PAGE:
We Will Continue To Use The 6th Edition of The Style Manual
The seventh edition is inappropriate for academic writing
In 2020, the sixth edition of the Snooks & Co Style Manual for Authors, Editors and Printers, which had been the official style manual of the Australian Government and adopted by Australian universities, was superseded by the seventh edition (freely available online).
The online edition of the Style Manual was created to provide guidance suitable for general and online writing and editing (with a strong emphasis on writing for the web). The resulting style advice is, in many places, inappropriate for formal and academic writing.
Therefore, although this update is long overdue—the sixth edition was published in 2002—Capstone Editing will continue to recommend and use the sixth edition (with a few deviations for academic writing as outlined below) for all documents in British/Australian English.
A few examples
‘They were open to discussing 3 options.’
Conversely, the sixth edition recommends using words for numbers up to 100 in descriptive text and numerals for numbers over nine in statistically oriented text (p. 164). For academic writing, we recommend always using numerals for numbers over nine.
Controversially, the online edition advises against using unspaced (or spaced, for that matter) em dashes. Instead, the advice is to use a spaced en dash to set off non-essential information, including clarifications, interruptions, corrections, short lists or summaries. We feel quite strongly that em dashes are necessary to ensure the utmost clarity in formal and academic writing, so we will continue to use this perfectly lovely piece of punctuation to signify abrupt changes, amplifications and explanations, and parenthetic expressions, as per the sixth edition (pp. 106–107) guidelines—and those of just about every other style manual!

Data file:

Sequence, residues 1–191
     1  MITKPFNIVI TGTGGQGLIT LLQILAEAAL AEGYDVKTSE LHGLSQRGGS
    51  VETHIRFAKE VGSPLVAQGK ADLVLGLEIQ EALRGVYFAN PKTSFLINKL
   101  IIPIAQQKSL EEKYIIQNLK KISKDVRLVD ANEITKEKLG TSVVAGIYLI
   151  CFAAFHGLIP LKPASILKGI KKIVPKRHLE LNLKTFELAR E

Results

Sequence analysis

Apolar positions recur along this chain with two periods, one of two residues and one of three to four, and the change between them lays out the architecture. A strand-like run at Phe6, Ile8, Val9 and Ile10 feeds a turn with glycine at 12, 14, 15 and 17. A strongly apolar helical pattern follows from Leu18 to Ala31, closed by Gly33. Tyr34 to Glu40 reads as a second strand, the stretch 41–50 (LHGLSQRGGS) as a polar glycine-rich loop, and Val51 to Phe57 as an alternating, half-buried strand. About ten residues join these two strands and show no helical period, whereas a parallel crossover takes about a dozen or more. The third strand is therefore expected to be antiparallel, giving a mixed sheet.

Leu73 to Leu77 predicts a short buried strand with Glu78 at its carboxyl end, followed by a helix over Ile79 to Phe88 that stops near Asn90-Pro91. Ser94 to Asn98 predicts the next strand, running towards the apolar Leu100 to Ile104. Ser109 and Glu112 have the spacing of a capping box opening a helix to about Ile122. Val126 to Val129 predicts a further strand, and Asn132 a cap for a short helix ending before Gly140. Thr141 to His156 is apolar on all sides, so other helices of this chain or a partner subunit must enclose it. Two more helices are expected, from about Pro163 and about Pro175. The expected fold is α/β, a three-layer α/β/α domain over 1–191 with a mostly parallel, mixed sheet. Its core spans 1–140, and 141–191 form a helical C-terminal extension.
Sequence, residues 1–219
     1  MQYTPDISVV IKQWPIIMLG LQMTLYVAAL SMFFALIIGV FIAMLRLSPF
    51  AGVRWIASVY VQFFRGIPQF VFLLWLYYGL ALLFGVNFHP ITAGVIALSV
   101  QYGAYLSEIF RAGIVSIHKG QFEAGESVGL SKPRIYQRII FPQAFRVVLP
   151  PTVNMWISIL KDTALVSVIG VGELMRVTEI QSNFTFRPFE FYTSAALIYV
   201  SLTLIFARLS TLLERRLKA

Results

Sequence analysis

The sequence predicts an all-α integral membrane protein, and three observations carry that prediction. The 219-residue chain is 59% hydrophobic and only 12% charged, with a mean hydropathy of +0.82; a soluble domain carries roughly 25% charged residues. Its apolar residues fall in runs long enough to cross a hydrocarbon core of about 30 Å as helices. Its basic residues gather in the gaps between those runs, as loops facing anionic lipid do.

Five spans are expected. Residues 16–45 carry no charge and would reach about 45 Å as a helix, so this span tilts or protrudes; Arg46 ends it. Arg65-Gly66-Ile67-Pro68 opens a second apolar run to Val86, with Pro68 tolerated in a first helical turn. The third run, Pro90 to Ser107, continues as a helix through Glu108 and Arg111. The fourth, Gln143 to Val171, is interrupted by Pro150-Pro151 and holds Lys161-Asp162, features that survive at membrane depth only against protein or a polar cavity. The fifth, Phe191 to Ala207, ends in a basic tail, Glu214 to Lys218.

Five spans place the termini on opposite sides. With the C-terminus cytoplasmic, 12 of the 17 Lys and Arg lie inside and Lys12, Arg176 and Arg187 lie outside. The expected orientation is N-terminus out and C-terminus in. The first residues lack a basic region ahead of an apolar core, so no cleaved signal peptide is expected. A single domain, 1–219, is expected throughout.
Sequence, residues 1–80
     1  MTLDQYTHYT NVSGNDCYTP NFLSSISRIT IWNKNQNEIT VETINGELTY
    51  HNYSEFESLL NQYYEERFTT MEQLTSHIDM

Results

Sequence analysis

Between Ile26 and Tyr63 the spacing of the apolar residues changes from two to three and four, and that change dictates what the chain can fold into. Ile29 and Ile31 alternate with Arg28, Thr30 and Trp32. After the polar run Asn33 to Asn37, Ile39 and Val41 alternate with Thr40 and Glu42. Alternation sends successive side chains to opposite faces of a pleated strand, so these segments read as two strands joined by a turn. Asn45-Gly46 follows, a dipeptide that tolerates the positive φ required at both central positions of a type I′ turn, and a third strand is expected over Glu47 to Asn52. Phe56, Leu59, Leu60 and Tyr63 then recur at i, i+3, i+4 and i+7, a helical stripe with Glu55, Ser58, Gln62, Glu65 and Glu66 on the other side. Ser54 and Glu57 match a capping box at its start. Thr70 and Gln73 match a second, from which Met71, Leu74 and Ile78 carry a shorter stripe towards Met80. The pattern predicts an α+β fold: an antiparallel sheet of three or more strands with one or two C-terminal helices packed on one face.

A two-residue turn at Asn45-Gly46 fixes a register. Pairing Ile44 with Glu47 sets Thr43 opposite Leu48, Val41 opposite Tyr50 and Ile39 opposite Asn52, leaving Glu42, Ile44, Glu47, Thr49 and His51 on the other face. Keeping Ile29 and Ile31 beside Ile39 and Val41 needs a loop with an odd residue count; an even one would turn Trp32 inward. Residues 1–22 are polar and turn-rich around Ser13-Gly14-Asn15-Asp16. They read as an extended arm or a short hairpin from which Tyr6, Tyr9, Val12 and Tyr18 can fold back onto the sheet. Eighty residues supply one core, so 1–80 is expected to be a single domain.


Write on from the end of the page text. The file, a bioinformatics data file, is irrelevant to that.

Colons and semicolons
The online edition advises to limit the use of colons (to avoid confusing readers) and to avoid using semicolons to link sentences (because short, simple sentences are easier to read). However, a full range of punctuation is required to convey a clear and accurate message, especially in formal and academic writing. Again, academia utilises complex sentence structures that necessitate the use of colons and semicolons. Therefore, we will be continuing to recommend and use both marks where appropriate according to the sixth edition (pp. 99–101).
En dashes in prefixes
The new Style Manual advises writers to avoid joining prefixes with an en dash (when they are required instead of a hyphen in some cases). This is once again because its focus is on accessibility and Plain English—the plainer, the better.
Following the recommendations (and example) of the online edition, ‘pre–Cold War policies’ would be changed to ‘policies from before the Cold War’—a clunky and inelegant phrase that obviously cannot be argued to be clearer or more concise. Thus, it seems the only explanation for this rule is the writers of the Style Manual believe readers will be confused by the usage of an en dash instead of a hyphen in those cases where one is required.
We will continue to use the sixth edition
Given that it was written primarily for government purposes—and that its focus was on Plain English—there are several instances in which the sixth edition’s rules or stylistic choices are not suitable for academic writing. Coupled with the fact that it was published in 2002, Capstone Editing needed to develop our own house style that is appropriate for formal academic writing and meets international publication standards.
One example is mentioned above regarding the use of numerals for all numbers over nine (rather than up to 100). We also do not follow the sixth edition’s preference of the first person nor the active voice. In academic writing, the third person and the passive voice are often more appropriate or even required (as explained in our blog articles on these issues). A future blog will outline further deviations and provide examples.
Largely, however, our editing—and academic writing in Australia in general—complies with the sixth edition of the Style Manual, and this will remain the case until a suitable up-to-date replacement is produced.
For documents written in US English, Capstone Editing uses and recommends the seventh edition of the APA Manual for the sciences, and the seventeenth edition of the Chicago Manual of Style for the humanities and social sciences.